Blog post

Legacy Fighting Alliance 40 – Hailey Cowan

By Lance Edwards

 

Hailey Cowan made her LFA debut at LFA 33, in a postlim amateur fight. At LFA 40, she makes her professional debut against another debut fighter, Victoria Leonardo. It’s unusual to see a debut professional fight on the main card of a televised promotion, but with Cowan it’s for good reason.

As an amateur, Cowan had three fights, all of which were wins. She brings a high level of athleticism to the cage and comes from a high level competitive background in another sport.

“I started gymnastics at the age of five, and started competing by my sixth birthday. By eight, I was on the Junior Olympic Team. I was at Baylor on the acrobatics and tumbling inaugural team and signed their first scholarship for it. It’s basically floor work and lifting people for the tumbling. It was a good base for MMA, throwing people around.”

Cowan is articulate and speaks with an air of confidence, something you don’t often see in a debut fighter, but she is not a stranger to pressure or competition.

“Having the background in training has helped. In gymnastics, technique is very important and in MMA too. My athleticism has definitely helped, but I am still improving my skills. There are a lot of people who come to MMA from martial arts, but even martial artists don’t train the way gymnasts do. I would train from two to eight every day and compete on weekends. My biggest issue now is not overtraining. I’m a gym rat and often have to be kicked out of it.”

For Cowan she still feels she has unfinished business with athletic pursuits and competition.

“I was graduating in 2014, and ended up getting a nasty injury. I had competed two times before so couldn’t compete another season. I looked at CrossFit but didn’t really want to compete in that. I loved MMA and stumbled into a good gym. I practiced a week and decided that that was what I was going to do.

“I had a job in Pennsylvania teaching tumbling at a college, and was meant to go the next week. I called them and said not now. A couple of weeks later, I competed in my first Jiu Jitsu tournament. My parents saw I did well and have supported me. They were both athletes, so they understand. I jumped into intermediate and advanced and because of my athleticism, not my skill. [I] did well.”

Cowan trains at Blitz Sport MMA in Robinson, TX. The gym is run by two of UFC veteran Chris Brennan’s brothers, Jake and Nick Brennan.

“There are actually six Brennan brothers. I’ve been training with Jake since the beginning. I’ve never put on a gi in my life. My heart isn’t in Jiu Jitsu. We don’t do belt rankings, but I’ve held my own with brown belts. I’m comfortable with Jiu Jitsu.”

In Cowan’s first fight, she threw an impressive head kick and has demonstrated good striking skills.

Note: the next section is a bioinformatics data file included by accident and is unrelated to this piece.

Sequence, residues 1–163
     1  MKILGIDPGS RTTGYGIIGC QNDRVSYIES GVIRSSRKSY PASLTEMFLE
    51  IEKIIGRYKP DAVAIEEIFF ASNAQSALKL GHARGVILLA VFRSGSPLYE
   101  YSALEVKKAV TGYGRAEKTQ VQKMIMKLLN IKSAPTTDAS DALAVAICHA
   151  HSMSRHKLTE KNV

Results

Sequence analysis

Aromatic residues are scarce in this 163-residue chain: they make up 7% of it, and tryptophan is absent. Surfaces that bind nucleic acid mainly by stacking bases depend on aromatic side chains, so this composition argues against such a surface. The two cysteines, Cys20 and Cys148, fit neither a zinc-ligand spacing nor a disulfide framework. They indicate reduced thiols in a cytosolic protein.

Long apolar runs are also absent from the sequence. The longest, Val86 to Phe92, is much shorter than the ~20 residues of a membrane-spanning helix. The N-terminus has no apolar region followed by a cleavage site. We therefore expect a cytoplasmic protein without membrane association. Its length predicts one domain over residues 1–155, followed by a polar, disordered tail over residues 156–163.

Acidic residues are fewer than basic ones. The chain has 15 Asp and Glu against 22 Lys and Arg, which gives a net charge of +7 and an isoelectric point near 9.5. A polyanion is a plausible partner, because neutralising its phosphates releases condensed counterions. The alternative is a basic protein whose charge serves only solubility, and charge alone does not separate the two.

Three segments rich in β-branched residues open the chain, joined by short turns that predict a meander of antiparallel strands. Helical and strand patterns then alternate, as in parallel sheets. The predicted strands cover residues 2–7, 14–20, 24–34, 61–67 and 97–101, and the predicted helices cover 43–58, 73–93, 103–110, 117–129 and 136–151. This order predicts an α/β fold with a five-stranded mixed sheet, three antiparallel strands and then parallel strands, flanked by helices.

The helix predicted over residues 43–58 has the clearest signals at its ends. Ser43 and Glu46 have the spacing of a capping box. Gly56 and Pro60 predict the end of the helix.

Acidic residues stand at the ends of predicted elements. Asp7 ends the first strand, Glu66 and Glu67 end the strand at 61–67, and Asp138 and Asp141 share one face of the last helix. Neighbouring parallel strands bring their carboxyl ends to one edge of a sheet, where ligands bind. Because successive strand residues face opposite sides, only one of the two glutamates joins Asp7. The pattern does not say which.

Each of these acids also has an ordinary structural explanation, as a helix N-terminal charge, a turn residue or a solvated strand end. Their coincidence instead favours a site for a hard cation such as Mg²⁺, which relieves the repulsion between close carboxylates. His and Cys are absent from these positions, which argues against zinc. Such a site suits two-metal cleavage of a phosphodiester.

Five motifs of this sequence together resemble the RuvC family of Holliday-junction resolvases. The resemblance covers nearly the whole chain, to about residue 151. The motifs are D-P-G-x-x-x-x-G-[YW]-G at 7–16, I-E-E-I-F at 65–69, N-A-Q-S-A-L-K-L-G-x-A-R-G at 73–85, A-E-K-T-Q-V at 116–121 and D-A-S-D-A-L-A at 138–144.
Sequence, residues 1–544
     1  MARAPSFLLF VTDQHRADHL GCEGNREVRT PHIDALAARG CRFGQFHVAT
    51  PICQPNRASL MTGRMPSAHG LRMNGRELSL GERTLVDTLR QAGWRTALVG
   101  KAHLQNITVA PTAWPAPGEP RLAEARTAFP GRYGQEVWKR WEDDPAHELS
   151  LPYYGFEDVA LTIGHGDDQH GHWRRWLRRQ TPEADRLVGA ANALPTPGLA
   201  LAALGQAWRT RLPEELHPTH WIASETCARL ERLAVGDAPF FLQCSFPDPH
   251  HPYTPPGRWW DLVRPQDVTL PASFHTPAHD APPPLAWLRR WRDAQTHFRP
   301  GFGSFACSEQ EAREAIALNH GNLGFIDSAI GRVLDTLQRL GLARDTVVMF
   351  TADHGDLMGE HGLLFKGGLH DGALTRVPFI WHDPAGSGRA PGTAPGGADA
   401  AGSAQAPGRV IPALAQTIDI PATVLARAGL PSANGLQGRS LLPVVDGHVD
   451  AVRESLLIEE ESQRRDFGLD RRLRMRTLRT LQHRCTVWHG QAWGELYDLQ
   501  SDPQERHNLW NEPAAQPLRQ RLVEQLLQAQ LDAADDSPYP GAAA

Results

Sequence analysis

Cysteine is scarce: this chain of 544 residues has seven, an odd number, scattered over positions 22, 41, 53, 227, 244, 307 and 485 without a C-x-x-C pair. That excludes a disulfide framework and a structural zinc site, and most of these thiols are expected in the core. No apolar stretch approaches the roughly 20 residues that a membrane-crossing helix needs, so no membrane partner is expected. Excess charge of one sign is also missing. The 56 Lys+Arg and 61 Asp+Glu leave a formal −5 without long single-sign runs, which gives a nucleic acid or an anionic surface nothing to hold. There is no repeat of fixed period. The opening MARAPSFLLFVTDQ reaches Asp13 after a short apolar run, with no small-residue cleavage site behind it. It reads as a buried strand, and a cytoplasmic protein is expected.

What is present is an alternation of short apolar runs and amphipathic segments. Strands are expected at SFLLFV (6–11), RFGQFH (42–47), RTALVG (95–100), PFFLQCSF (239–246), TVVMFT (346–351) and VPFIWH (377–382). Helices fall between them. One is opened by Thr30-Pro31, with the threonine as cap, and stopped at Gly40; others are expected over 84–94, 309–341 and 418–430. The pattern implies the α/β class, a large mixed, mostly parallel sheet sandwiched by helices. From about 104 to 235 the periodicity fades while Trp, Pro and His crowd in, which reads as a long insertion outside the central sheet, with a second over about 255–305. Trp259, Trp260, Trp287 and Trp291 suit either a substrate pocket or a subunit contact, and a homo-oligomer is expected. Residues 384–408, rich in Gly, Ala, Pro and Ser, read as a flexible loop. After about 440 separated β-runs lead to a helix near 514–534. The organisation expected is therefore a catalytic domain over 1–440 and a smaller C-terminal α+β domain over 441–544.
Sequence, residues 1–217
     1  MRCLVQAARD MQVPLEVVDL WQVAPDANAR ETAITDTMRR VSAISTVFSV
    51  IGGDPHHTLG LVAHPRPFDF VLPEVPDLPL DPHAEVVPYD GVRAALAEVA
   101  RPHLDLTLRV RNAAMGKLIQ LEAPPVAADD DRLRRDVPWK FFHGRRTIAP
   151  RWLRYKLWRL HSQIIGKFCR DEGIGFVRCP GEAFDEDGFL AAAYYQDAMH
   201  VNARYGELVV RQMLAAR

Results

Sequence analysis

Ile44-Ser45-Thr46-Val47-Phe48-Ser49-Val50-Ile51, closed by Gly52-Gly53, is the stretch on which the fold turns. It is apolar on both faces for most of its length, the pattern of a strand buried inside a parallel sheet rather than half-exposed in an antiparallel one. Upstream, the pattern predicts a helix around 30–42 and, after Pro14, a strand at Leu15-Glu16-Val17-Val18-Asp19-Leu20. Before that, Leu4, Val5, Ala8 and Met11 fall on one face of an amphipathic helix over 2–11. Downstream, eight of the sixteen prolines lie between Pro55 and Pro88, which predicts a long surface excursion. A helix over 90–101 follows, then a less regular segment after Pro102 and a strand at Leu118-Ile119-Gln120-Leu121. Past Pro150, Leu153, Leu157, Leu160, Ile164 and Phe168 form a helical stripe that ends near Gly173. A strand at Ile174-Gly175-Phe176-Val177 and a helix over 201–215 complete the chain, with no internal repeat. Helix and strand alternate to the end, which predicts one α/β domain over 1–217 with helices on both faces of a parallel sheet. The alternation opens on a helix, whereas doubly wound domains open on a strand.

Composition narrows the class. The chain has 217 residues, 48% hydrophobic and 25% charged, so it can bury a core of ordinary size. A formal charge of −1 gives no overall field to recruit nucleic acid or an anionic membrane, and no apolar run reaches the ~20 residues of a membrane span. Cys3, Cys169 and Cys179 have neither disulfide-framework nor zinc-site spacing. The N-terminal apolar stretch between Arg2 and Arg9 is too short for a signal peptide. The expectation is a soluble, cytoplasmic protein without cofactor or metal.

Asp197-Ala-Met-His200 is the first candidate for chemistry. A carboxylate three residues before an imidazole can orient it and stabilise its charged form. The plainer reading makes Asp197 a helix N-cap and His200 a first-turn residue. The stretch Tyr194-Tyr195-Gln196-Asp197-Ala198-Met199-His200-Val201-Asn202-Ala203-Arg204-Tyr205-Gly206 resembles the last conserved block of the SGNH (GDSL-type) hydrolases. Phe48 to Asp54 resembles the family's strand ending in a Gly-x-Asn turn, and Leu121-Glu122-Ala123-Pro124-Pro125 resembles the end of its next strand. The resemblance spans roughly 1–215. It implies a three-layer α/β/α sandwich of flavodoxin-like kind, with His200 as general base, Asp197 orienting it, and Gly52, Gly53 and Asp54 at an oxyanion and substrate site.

“People decided I was a striker after that. I’m actually a grind-you-down-and-smash-you kind of person. I like to strike and have been successful doing it. My game is a grind one, I like to clinch and get people against the cage. I love cage work, people don’t really understand it but it’s where I like to be.”

Cowan is actually familiar with her opponent, Victoria Leonardo.

“I know a lot about her, I was meant to fight her before. A couple of weeks before the fight she pulled out, I think she had an injury or something. I prepared for her for six weeks, now I’ve prepared nine more. Game planning is big for me. I like to focus on what I’m doing as well as their tendencies.”

Some people struggle with the move from fighting as an amateur to professionally. The round move from three minutes to five and the fighters have extra tools at their disposal such as elbows and heel hooks.

“I think pro is better for my style. My cardio is very good, the longer the rounds, the better I’ll do. I like to feel out my opponent, and longer rounds are better for that. My last two fights would have finished earlier if I’d been able to use my elbows. Elbows are a good part of my game. I think I’ll have a dominant career in the pro realm.”

It’s not enough for Cowan to compete, as an athlete who has competed at a high level, Cowan doesn’t do things by halves.

“I feel Rhonda Rousey brought attention to women’s MMA, we are still playing catchup. I want to bring credibility. There are so many skilled martial artists, but I also want to bring athleticism. I want to be the GSP of women’s MMA, athletic and a martial artist. The biggest stage in the sport is the UFC. I’m not in a rush to get there. I don’t want to go too fast, I want to be prepared to be in the top ten when I get there.”

As well as training being one of the main focusses of her life, Cowan values her family and the relationships she has with them.

“I’m a big family person and have two younger siblings. We hang out a lot. Jake, my coach, is also my boyfriend, and I’m constantly hanging out with him. I’m actually in the gym more out of camp than I am in as I’m not worrying about being one hundred percent in a fight. I train five to six days a week, two to three times a day.

I’m thankful for my family. I had the opportunity early on to train full time. I get to do it as my job because they believe in my dream. They take care of me. Jake Brennan does everything for me from my strength and conditioning, MMA training and cooking my meals. He goes above and beyond and I’m thankful for that. All I work on is improving. I’m with Sucker Punch Management who is great, I’m lucky to be with them at this point. I have a couple of sponsors. White’s Pickle Salsa sponsors me, they make great salsa. It’s amazing, it started as a small thing, but it’s going to be big. I love it.”